About 30 percent of Complex’s offering on its new shop will be exclusive collaborations, including a six-piece capsule of LA Dodgers merchandise designed by Chris Gibbs, the owner of the influential streetwear shop Union Los Angeles. The plan is to increase that share to 50 percent of the total offering.

“Eventually, down the line, we would anticipate that we are seeing something of a cadence of a monthly drop,” said Jeanette Lukasik, vice president of business development and commerce at Complex. “Because we are behind the scenes and in front of the scenes, as well, there really is no better storyteller than us.”

Meanwhile, millennial favourite theSkimm is tackling brick-and-mortar in addition to the complexities of an online shop. The media company, which started with a daily newsletter aimed at women and has raised $28 million to date, launched an online shop on Monday and will open a pop-up in Manhattan on Black Friday. Products from the store will be drop-shipped from the brands, which include The Sill plant shop and footwear from Nisolo, and inventory will be available in-store to shop (via a consignment between brands and theSkimm).

We've seen a huge explosion of DTC brands, so much so that it can be overwhelming trying to navigate which ones to really invest in.

“We’ve seen a huge explosion of DTC brands, so much so that it can be overwhelming trying to navigate which ones to really invest in,” said co-founder Danielle Weisberg.

The products, most of which sell for under $50, were chosen based on reader surveys about what they are looking for during the holiday season, and years of data on “Skimm Picks,” the products recommended in the daily newsletter.

“Since we started the company over seven years ago, affiliate was a way to naturally recommend things that our team was seeing, that we thought our audience would respond to,” Weisberg said. “We kept doing it because we do see it is a significant and growing revenue stream. And this next step…shows that we believe that there is more there.”

Harper's Bazaar's online shopping vertical, ShopBazaar, is partnering with the Hudson Yards boutique The Conservatory this holiday season for a pop-up and party with artist Ashley Longshore. The products featured are handpicked by Bazaar editors and other influencers, and will also be available online through affiliate links and highlighted in the pages of the December/January issue of the magazine.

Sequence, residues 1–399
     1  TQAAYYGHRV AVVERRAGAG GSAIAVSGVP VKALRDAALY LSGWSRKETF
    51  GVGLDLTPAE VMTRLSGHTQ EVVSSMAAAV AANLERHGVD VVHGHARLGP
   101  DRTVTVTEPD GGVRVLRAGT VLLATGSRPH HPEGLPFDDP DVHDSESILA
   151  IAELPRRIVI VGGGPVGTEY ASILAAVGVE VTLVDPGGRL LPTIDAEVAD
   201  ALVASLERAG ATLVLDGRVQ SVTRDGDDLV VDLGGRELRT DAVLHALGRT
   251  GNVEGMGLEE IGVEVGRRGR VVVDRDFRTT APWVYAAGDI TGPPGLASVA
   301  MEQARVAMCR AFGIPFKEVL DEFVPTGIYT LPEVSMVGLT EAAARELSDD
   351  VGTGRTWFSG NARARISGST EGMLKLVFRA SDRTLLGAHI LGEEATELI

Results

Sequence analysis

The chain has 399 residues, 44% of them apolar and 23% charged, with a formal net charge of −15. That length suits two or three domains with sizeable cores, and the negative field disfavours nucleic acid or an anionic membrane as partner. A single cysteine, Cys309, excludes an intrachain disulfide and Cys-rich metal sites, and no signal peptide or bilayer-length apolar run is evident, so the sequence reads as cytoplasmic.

For Harper's Bazaar publisher Carol Smith, the partnership is a proof of concept that the shopping vertical, which she said is generating more and more of its revenue from sponsored content for affiliate brand partners, can drive shoppers into stores. (ShopBazaar also operates a marketplace model with select retailers like Kirna Zabete.)

ShopBazaar has hosted pop-ups in the past, but never with another retailer, and handling all the inventory itself was challenging. With The Conservatory, which as a new retailer stands to gain marketing exposure with Bazaar readers, Bazaar handled curation while The Conservatory handled the product logistics and the cocktail party.

“This is my first entry into how can I create a physical experience with a retailer,” said Smith, who says that next year she plans to take ShopBazaar to a “new level” in terms of partnerships and revenue. “So many luxury clients and designer fashion [clients] have started to feel comfortable creating branded content that drives conversion.”

Two decades ago, a retailer would have fought for credits in a print magazine, said Brian Bolke, founder of The Conservatory. "People have traditionally turned to a magazine for a certain editorial point of view," he said. Now the reader is getting information from many more channels, but he thinks Bazaar's stamp of authority still has value. "It's editorialised in all these different ways," he said. "I see it as storytelling."

Editor's Note: This article was updated on 20 November 2019. A previous version of the article stated that the Complex shop will sell products from Nike and Stussy. This is incorrect.